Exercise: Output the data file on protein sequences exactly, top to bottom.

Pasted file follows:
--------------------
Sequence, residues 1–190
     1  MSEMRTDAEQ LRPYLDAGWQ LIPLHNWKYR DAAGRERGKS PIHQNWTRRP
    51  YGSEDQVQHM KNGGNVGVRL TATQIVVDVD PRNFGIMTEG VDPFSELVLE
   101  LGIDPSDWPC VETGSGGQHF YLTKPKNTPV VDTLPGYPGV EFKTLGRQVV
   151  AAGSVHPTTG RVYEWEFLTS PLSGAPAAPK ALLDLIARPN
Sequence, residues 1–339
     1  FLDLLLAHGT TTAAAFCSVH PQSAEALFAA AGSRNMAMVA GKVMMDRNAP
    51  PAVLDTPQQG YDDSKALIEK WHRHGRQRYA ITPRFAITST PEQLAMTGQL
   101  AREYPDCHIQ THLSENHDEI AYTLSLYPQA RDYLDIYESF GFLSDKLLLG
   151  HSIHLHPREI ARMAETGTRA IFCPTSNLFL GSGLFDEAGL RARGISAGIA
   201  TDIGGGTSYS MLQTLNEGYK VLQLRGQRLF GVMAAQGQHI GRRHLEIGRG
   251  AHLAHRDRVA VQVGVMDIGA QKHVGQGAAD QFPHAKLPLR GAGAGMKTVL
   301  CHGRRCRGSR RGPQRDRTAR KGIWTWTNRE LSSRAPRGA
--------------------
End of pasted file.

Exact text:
Sequence, residues 1–190
     1  MSEMRTDAEQ LRPYLDAGWQ LIPLHNWKYR DAAGRERGKS PIHQNWTRRP
    51  YGSEDQVQHM KNGGNVGVRL TATQIVVDVD PRNFGIMTEG VDPFSELVLE
   101  LGIDPSDWPC VETGSGGQHF YLTKPKNTPV VDTLPGYPGV EFKTLGRQVV
   151  AAGSVHPTTG RVYEWEFLTS PLSGAPAAPK ALLDLIARPN
Sequence, residues 1–339
     1  FLDLLLAHGT TTAAAFCSVH PQSAEALFAA AGSRNMAMVA GKVMMDRNAP
    51  PAVLDTPQQG YDDSKALIEK WHRHGRQRYA ITPRFAITST PEQLAMTGQL
   101  AREYPDCHIQ THLSENHDEI AYTLSLYPQA RDYLDIYESF GFLSDKLLLG
   151  HSIHLHPREI ARMAETGTRA IFCPTSNLFL GSGLFDEAGL RARGISAGIA
   201  TDIGGGTSYS MLQTLNEGYK VLQLRGQRLF GVMAAQGQHI GRRHLEIGRG
   251  AHLAHRDRVA VQVGVMDIGA QKHVGQGAAD QFPHAKLPLR GAGAGMKTVL
   301  CHGRRCRGSR RGPQRDRTAR KGIWTWTNRE LSSRAPRGA